miRNAs are transcribed by RNA polymerase II as long precursor RNAs called pri-miRNAs (primary miRNAs), which are sequentially processed by enzymes in the nucleus and cytoplasm to generate mature miRNAs of ~22 nucleotides in length. The pri-miRNAs are cleaved in the nucleus by the RNase III endonuclease Drosha, which associates with the double-stranded RNA-binding protein DGCR8 (DiGeorge syndrome critical region 8) and other cofactors, to produce ~70-nucleotide-long pre-miRNAs (precursor-miRNAs) [5]. In some cases, specific miRNAs, known as mirtrons, can bypass Drosha processing and the pre-miRNA in this case is generated directly through splicing of intronic sequences [12]. The pre-miRNAs have a characteristic hairpin structure and are exported from the nucleus to the cytoplasm by exportin-5, where Dicer, another RNase III endonuclease, subsequently cleaves the hairpin to release a ~22 nucleotide miRNA duplex [5]. One strand of the miRNA duplex becomes the mature miRNA and the other strand is typically, but not always, rapidly degraded [13]. The mature single-stranded miRNA is then loaded into RISC (RNA-induced silencing complex), where a multi-protein complex consisting of Argonaute proteins facilitates interactions between the miRNA and target mRNAs [5]. The miRNA interaction with the target transcript is mediated by Watson–Crick base pairing with sequences that are canonically located in the 3′-UTR (untranslated region) of target mRNAs, although there is a growing list of examples of miRNA interactions with 5′-UTRs, protein-coding sequences and introns [14]. Association of the miRNA with its mRNA target typically results in mRNA degradation and/or translational inhibition [5], but some rare examples of translational activation have also been reported [15]. Current evidence suggests that the primary mechanism for miRNA-mediated target gene repression is via mRNA decay rather than translational repression [16].

The primary determinant of miRNA target recognition is the pairing of nucleotides 2–7 at the 5′ end of the mature miRNA (known as the ‘seed’ region) and the target mRNA [5]. miRNA ‘families’ are classified on the basis of a common ‘seed’ sequence that is shared between all family members and they are believed to have largely redundant functions. However, the other regions of the miRNA are also important for specificity and stabilization of miRNA–mRNA binding [17]. Current estimates from biochemical miRNA target identification studies [e.g. HITS-CLIP (high-throughput sequencing of RNA isolated by cross-linking immunoprecipitation)] suggest that a single miRNA can interact with hundreds of target mRNAs in a cell, although target gene regulation is typically modest with, on average, only 20–50% changes in mRNA expression levels detected for most target transcripts [16,18]. Proteomic analyses similarly indicate that most targets are modestly repressed (<2-fold) by miRNAs [19,20]. These results indicate that miRNAs probably function through the modest repression of a number of mRNA targets, which act in concert to mediate the biological actions of miRNAs. In addition to miRNA ‘seed’ redundancy, the promiscuity of miRNA interactions with target transcripts and the targeting of individual transcripts by several different miRNAs [4], as well as the potential for generation of multiple mature miRNAs from the same miRNA precursor (isomirs) [21], allows for enormous regulatory complexity and functional redundancy. Indeed, there is immense sequence diversity among miRNAs and a large proportion of cardiac-expressed miRNAs, including miR-133, have prevalent 5′ isomirs, which can affect miRNA targeting [21]. In light of these findings, it is not entirely surprising that only 10% of genetic miRNA deletions in C. elegans have revealed grossly abnormal phenotypes in mutant animals [22]. Similarly, genetic deletions of miRNAs in mice have, in most cases, failed to reveal striking functions during development or under normal homoeostatic conditions in adulthood [23]. However, major functions are often unmasked in response to specific injury or stress conditions [24]. It is unclear why compensatory mechanisms can overcome the effects of loss-of-function for most of the miRNAs tested so far during development, but not in response to specific stress signals. Nevertheless, critical roles for a number of cardiac miRNAs have emerged and their roles in heart development will be discussed in the following sections.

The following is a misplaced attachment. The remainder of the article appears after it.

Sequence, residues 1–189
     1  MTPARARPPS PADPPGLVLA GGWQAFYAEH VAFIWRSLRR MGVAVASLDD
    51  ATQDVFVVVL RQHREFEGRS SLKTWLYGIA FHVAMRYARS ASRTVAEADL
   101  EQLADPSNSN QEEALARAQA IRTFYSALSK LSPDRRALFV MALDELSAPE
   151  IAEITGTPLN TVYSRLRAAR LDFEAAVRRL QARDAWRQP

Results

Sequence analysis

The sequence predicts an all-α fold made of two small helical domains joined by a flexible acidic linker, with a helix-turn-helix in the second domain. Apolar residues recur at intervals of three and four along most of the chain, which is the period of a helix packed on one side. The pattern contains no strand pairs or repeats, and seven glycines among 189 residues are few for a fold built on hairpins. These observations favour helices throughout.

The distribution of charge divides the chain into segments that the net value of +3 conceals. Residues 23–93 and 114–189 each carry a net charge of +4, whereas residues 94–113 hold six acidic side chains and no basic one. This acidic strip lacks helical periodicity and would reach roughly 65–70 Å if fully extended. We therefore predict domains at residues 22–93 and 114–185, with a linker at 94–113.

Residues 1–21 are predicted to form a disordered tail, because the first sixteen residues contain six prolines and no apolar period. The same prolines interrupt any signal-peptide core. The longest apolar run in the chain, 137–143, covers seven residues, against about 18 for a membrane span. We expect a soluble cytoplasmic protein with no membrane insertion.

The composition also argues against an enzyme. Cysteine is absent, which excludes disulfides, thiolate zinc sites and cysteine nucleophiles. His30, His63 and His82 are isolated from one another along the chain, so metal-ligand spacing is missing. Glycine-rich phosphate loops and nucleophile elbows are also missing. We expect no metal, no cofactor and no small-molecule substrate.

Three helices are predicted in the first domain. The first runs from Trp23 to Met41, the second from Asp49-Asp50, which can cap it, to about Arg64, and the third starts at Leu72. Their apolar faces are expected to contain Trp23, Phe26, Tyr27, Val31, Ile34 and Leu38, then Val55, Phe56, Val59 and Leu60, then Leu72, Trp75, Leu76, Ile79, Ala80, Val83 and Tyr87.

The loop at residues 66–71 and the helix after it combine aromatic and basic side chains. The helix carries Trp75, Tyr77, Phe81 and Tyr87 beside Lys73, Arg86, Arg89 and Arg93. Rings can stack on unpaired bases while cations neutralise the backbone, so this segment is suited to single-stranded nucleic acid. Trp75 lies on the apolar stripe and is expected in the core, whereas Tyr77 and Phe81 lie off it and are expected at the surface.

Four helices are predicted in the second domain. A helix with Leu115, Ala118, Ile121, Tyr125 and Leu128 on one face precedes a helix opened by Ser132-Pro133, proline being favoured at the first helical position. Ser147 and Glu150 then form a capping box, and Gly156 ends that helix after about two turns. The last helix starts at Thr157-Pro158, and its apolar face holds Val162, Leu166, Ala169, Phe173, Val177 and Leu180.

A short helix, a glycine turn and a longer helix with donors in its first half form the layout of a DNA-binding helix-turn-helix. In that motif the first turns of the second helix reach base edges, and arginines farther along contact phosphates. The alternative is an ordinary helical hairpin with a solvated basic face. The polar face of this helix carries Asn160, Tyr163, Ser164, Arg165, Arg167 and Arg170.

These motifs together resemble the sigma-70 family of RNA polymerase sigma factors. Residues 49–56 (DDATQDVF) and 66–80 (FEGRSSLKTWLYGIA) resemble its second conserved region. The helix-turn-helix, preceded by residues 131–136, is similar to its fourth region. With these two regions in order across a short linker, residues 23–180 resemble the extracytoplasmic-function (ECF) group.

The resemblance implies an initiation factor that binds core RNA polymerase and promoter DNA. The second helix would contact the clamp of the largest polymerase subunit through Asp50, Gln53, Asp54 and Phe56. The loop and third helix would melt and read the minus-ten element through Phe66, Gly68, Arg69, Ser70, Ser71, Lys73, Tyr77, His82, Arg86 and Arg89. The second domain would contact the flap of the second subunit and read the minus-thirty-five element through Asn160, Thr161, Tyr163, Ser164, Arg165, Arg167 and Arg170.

miRNAs are essential for heart development: lessons from Dicer- and DGCR8-knockout studies